Monday, 17 November 2008

Son Of Yellow River / Singapore Chinese Orchestra: Review

Singapore Chinese Orchestra
TSUNG YEH, Conductor
Esplanade Concert Hall
Friday (14 November 2008)

An edited version of this review appeared on The Straits Times on 17 November 2008.

Some things are lost in translation when an orchestra of Chinese instruments attempts to play Western music. This was never more evident in the first half of the SCO concert conducted by its Music Director Tsung Yeh (pictured below) featuring the renowned Chinese pianist Yin Cheng Zong. The opening work was Georges Bizet's L 'Arlesienne Suite No. 2, which lacked the necessary gravitas that a conventional Western symphony orchestra provides.

Yet the poignant flute solo in the 3rd movement Minuet was not missed, with the dizi as its successfully idiomatic replacement, beautifully accompanied by the harp. The bustling Farandole also reveled in its rhythmic glory, one easily achieved with percussion working overtime.

The experiment of performing Maurice Ravel's Piano Concerto in G Major on Chinese instruments was a refreshingly bold, but one that blended like oil and water. It ultimately failed on this count: the French composer had very specific sonorities and instruments in mind, one in which no Chinese substitutes could emulate or even simulate.

The exotic sound and atmosphere conjured - in its pentatonic finery - was well realised, but when wind and brass solos were called for, the effect sounded like a comical caricature. The suona could never take the place of an oboe, and in the tender cor anglais solo of the slow movement, the sheng sounded piercing rather than mellow. All the beautiful playing that pianist Yin could muster was negated as a result, and the resultant applause was embarrassingly short. It had stopped even before both pianist and conductor had left the stage.

The second half was much better, when these same instruments had free rein in 5 movements of Amorous Feelings For The Yellow River by Jing Jian Shu. The dizi duet, guan and suona soloists were excellent. Suona player Jin Shi Yi stole the show in his virtuoso role, which required extemporising bird sounds on the reeds. And to think they had all been strait-jacketed by the Ravel.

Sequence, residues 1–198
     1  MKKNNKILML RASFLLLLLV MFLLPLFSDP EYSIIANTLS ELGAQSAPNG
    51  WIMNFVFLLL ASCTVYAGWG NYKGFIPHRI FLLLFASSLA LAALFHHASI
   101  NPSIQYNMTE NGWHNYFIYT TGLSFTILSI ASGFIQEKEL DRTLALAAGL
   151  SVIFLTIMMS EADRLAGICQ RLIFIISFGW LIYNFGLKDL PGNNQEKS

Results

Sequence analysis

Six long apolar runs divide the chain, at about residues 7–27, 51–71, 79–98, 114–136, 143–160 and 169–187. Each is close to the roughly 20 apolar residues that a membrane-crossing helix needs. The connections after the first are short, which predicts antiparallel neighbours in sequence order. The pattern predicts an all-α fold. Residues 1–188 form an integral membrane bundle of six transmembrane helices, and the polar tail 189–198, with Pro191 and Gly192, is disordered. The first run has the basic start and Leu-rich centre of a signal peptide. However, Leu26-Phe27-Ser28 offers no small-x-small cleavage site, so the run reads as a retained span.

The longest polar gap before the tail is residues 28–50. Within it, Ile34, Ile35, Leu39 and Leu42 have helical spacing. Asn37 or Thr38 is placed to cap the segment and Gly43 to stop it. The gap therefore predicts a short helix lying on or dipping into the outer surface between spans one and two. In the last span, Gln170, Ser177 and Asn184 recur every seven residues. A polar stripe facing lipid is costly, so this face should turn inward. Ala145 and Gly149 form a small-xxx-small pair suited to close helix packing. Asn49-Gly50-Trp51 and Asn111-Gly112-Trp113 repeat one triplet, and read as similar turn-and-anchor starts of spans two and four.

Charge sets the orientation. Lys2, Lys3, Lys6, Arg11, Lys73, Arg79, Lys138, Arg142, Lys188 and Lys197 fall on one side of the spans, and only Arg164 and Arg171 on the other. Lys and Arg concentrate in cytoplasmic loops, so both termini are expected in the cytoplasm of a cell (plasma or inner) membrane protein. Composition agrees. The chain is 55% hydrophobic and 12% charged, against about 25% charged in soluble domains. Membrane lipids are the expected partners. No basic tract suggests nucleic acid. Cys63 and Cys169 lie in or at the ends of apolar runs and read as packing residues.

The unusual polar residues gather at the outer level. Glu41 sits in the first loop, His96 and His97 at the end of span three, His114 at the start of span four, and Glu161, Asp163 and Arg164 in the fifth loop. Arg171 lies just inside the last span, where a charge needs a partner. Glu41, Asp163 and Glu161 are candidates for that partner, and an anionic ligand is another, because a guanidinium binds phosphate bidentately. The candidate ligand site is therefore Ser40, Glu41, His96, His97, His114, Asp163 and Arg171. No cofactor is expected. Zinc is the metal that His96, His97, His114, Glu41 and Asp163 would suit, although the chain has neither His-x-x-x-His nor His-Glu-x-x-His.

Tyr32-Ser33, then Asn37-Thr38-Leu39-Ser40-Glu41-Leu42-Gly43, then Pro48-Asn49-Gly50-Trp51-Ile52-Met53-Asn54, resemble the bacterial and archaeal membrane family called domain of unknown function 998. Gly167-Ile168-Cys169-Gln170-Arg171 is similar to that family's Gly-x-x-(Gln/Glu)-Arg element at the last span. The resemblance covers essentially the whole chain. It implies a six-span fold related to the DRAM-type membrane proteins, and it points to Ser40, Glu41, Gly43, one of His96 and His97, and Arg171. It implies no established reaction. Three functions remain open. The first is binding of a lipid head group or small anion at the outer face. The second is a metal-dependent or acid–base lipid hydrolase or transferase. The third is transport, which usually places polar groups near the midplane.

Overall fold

The title Son of Yellow River may sound like some playground taunt (try pronouncing it in Singlish, it sounds like "son of yellow liver"), but it refers to Yin Cheng Zong's part in the committee of five (from the Central Philharmonic Society in Beijing) that composed the ubiquitous Yellow River Concerto. Whatever one might think of this work, it is an undeniably effective showpiece, marrying memorable melodies with luscious pianism and Romantic rhetoric.
Yin is virtually peerless in his role as pianist-composer, lapping up every Tchaikovskyan octave fusillade, Lisztian cadenza and Rachmaninovian climax with relish. One almost forgets its patriotic and Socialist agenda amid the feel-good factor. Tumultuous applause and a standing ovation greeted its final chord, which brought on a repeat of a bleeding chunk from the finale, this time accompanied by rhythmic clapping from the audience à la Strauss' Radetzky March.
Egged on by conductor Yeh, it was for this reviewer a truly bizarre and cringe-worthy moment. Cheesy as this pseudo-Rachmaninov concerto might have been, I never thought it subject to or deserved this further indignity.
During the autograph signing, pianist Yin declined to autograph his recording of the Yellow River Concerto with the Shanghai Philharmonic Orchestra on the Hugo label. One wonders why. Was it issued without his permission or blessing? Was he disssatisfied with the result? Or did he not receive royalties from its release? The mind boggles.

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